As the main tourist gateway to Petra, Wadi Musa is an anomaly, a modern southern Jordanian town given an unfamiliar twist with lots of signs in English, a huge number of hotels and a noticeable diminution in the usual hospitality towards foreigners. In sharp contrast to the rest of Jordan, where decency and respect are the unswerving norm, Wadi Musa shows a distressing tendency towards rip-offs, wheedling and outright hassle – the last of these directed particularly at women. Businesses and individuals all too often overcharge and under-deliver. It’s a seedy little place, run with just one aim in mind: to milk its world-famous cash cow dry.
There’s precious little to do. But then again, after a day of hard walking most visitors aren’t looking for rip-roaring entertainment anyway: shopping, eating – especially the hands-on Petra Kitchen experience – or sitting around in a Turkish bath is about most people’s limit. At the time of writing, plans were afoot to create an artisans’ quarter in Wadi Musa’s historic quarter Elgee (or Elji), a cluster of restored stone cottages behind the main mosque in the town centre. It’s unclear what this might comprise, but the area may be worth a stroll when you visit.
OrientationAll main roads to Petra meet just above Ain Musa, a spring in the hills at the top (eastern) end of Wadi Musa which is marked by a small triple-domed building sheltering a rock – traditionally, the rock struck in anger by Moses – from beneath which water emerges. From here, the whole of the town is strung out for 4km along a main road which heads downhill all the way, offering spectacular views out over the craggy mountains and eventually terminating at the ticket gate into Petra.
Partway down is an intersection known as the Police Roundabout (Wadi Musa’s police station is alongside it), from where a turn-off heads left through residential districts and eventually out of town, passing big hotels such as the Marriott on the way towards the neighbouring villages of Taybeh and Rajif, eventually joining the Desert Highway 42km away at Ras an-Naqab on the route towards Rum and Aqaba.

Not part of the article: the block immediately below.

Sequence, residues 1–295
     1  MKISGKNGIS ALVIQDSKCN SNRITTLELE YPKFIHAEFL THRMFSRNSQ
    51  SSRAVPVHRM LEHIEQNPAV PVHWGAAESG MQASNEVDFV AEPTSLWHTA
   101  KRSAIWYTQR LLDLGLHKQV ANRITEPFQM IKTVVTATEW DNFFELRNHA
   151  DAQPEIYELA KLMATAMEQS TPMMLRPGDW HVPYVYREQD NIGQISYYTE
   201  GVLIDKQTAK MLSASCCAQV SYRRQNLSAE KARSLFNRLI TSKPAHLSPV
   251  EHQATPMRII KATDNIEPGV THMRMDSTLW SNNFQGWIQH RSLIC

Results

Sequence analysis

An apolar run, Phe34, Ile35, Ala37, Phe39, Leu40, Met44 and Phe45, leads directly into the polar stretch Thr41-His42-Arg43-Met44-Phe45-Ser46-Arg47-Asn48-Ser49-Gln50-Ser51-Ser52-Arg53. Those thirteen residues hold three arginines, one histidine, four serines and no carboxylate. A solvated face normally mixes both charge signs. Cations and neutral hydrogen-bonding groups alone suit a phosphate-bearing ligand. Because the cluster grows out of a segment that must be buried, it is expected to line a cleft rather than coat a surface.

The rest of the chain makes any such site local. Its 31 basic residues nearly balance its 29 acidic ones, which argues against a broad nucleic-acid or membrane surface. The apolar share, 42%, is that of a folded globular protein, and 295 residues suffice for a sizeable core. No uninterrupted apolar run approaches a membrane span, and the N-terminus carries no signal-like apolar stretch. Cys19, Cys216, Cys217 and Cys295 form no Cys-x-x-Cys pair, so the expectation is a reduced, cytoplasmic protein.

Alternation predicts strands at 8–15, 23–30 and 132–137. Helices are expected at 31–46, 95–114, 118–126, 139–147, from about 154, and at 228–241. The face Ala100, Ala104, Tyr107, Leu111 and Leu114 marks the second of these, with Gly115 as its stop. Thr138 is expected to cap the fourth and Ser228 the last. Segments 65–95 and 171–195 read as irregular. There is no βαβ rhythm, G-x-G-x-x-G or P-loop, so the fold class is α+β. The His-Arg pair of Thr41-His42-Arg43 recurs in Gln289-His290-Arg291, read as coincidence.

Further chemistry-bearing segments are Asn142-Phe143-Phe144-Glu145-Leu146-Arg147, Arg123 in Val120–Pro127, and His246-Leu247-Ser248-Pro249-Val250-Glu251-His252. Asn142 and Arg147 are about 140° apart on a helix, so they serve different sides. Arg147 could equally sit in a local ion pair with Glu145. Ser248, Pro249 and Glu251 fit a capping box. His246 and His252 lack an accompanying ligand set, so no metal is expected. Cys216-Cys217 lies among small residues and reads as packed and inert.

The centre of Wadi Musa, just below the police intersection, is marked by the small Shaheed Roundabout, although there are no signs naming it (it’s often dubbed the Central or Midtown Roundabout instead). Clustered near the junction – which, thanks to the one-way system, is no longer a roundabout – are most of Wadi Musa’s shops, banks, mosques, cafés and hotels, as well as the bus station.
Past the town centre, the road coils down to a strip known as the Tourist Street, with hotels, cafés and restaurants on one side and the valley bed on the other. It ends at the landmark Mövenpick hotel, with the Petra Visitor Centre and ticket gate just beyond.
Petra KitchenLocated on the Tourist Street near the gate into Petra, the Petra Kitchen is a fine local initiative. This is not a true restaurant; rather, it is a way for a small number of visitors to get hands-on experience of Jordanian culture by working with a team of locals (both men and women) to prepare ingredients, cook an evening meal and then eat together.
After a menu briefing, you’re let loose to chop, mix and assemble under guidance a range of salads, soup, hot and cold mezze (starters), a main course such as mansaf or maqlouba, and bedouin coffee and tea – the idea being that you learn new culinary techniques, handle possibly unfamiliar products and break the social ice at the same time. The ingredients are all locally sourced; the tableware comes from the women’s ceramics workshop at Iraq al-Amir near Amman; and the aprons, tablecloths and napkins are all hand-embroidered by women working with the Jordan River Foundation.
The evening starts at 7.30pm (winter 6.30pm), running for three hours, and takes place when demand is sufficient – generally every night in high season. It costs JD35 per person, excluding wine (which is available). To take part you must book in advance. They can also extend the concept to run as a five-day culinary course.